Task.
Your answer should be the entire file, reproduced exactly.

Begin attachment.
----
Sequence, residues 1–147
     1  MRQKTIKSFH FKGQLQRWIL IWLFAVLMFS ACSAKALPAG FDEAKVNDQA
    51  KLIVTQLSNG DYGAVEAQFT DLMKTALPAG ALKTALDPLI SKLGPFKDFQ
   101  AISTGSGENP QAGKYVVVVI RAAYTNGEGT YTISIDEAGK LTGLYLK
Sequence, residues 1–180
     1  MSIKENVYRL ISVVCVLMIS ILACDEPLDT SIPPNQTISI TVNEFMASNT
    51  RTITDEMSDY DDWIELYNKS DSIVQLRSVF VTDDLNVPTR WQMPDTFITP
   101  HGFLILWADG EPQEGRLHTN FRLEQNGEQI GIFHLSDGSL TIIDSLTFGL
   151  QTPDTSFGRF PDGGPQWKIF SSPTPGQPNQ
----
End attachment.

Sequence, residues 1–147
     1  MRQKTIKSFH FKGQLQRWIL IWLFAVLMFS ACSAKALPAG FDEAKVNDQA
    51  KLIVTQLSNG DYGAVEAQFT DLMKTALPAG ALKTALDPLI SKLGPFKDFQ
   101  AISTGSGENP QAGKYVVVVI RAAYTNGEGT YTISIDEAGK LTGLYLK
Sequence, residues 1–180
     1  MSIKENVYRL ISVVCVLMIS ILACDEPLDT SIPPNQTISI TVNEFMASNT
    51  RTITDEMSDY DDWIELYNKS DSIVQLRSVF VTDDLNVPTR WQMPDTFITP
   101  HGFLILWADG EPQEGRLHTN FRLEQNGEQI GIFHLSDGSL TIIDSLTFGL
   151  QTPDTSFGRF PDGGPQWKIF SSPTPGQPNQ